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Sergio Mattarella: At 80, Italy president set to stay on amid successor row

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Italian President Sergio Mattarella has agreed to serve a second term after coalition parties failed to agree on a compromise candidate for the office.

The 80-year-old emerged as the most popular choice after six days of often tense voting in Rome.

He had expressed a desire to leave office, but local media reported Prime Minister Mario Draghi had convinced him to stay for the “stability” of Italy.


He is expected to be formally re-elected later on Saturday.

Announcing Mr Mattarella’s decision to remain in office, Minister for Regional Affairs Mariastella Gelmini hailed the former Constitutional Court judge’s “sense of responsibility and his attachment to the country and its institutions”.

The parties in Italy’s governing coalition agreed to re-elect Mr Mattarella on Saturday after seven rounds of voting failed to produce an alternative candidate and revealed deep divisions in Mr Draghi’s wide ranging coalition government.

Italy’s presidency is elected through a secret vote in an electoral college of 1,009 Senators, MPs and some regional delegates, with the first candidate to receive two-thirds of the vote declared victorious.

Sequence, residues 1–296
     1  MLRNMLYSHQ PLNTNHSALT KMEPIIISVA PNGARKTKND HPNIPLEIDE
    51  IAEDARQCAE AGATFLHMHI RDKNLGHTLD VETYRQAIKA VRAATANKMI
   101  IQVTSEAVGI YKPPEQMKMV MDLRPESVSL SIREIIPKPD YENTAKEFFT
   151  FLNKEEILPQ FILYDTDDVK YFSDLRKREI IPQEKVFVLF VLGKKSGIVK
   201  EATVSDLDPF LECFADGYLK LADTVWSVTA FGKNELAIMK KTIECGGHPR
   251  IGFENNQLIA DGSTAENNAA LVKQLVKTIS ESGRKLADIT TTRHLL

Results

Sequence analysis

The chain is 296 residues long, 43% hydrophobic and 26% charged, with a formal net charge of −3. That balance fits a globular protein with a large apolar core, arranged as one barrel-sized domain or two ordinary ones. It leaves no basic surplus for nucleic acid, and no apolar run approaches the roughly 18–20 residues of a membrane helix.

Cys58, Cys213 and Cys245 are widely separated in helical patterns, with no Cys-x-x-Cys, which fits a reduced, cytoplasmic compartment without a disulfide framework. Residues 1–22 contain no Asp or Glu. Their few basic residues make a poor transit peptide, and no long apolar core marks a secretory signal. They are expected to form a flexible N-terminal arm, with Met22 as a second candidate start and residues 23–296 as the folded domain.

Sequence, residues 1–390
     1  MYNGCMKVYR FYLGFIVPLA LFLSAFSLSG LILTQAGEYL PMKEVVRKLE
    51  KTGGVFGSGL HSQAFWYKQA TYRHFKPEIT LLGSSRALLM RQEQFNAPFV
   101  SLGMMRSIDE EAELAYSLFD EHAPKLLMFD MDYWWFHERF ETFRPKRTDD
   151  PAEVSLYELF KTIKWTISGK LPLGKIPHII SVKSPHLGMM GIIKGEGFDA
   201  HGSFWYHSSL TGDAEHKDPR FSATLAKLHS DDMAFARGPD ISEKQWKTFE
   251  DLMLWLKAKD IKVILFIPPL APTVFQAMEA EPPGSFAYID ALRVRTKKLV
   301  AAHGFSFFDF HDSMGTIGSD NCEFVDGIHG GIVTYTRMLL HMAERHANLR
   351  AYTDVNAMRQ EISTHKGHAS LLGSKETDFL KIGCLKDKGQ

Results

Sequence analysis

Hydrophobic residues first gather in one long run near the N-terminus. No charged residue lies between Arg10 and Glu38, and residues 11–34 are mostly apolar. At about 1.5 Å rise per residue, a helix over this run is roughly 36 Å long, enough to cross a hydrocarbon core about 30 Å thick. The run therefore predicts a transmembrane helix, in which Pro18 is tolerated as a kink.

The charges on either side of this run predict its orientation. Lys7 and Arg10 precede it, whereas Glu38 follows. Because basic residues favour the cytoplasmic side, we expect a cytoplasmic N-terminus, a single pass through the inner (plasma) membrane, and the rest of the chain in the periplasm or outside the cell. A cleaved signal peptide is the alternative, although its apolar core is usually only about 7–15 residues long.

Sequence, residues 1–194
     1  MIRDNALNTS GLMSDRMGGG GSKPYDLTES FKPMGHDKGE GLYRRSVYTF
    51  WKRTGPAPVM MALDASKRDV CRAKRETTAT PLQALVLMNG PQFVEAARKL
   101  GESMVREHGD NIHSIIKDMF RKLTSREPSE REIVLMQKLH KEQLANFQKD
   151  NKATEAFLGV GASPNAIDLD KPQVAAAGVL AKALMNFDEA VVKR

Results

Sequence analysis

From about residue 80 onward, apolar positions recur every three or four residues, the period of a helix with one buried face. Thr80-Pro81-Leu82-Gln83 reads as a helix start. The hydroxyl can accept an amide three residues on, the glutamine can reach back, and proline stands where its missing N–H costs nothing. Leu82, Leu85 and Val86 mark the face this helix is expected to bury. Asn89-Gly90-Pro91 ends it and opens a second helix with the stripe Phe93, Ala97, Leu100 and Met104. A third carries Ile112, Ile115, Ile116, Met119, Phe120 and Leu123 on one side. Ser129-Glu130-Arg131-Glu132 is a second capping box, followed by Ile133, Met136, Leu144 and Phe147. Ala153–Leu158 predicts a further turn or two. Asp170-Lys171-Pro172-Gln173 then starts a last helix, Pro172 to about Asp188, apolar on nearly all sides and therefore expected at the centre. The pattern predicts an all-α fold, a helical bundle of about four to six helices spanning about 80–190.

Mr Mattarella emerged as the compromise candidate after many lawmakers abstained from voting and candidates put forward by the governing parties failed to gather enough support.

Antonio Tajani, national coordinator for the centre-right Forza Italia party, told the BBC that support for Mr Mattarella was the only proposition most MPs agreed on.

“Mattarella has performed his function impeccably,” Mr Tajani said. “In the absence of a political agreement on other people, it is right that the point of balance is still him.”

It is unclear whether the 80-year-old intends to serve a full seven year term, with some in Italy suggesting that he could step aside to allow Mr Draghi to take his place after Italian elections in 2023.

The Italian presidency is a largely ceremonial role, though its power to grant the dissolution of parliament, choose new prime ministers and deny mandates to weak coalitions means it takes on great power during times of political crisis.

In recent years, as Italian politics has become more fragmented, the role has become increasingly important and Mr Matarella has been praised by many in Italian politics as a stabilising influence at a time where several governing coalitions have collapsed.

Last year, he stepped in to avert another political crisis caused by the resignation of Prime Minister Giuseppe Conte over the country’s response to coronavirus and appointed Mr Draghi in his pace.

Mr Mattarella said at the time that Italy needed a “high-profile government” to tackle the Covid-19 pandemic and the worst economic crisis in decades.

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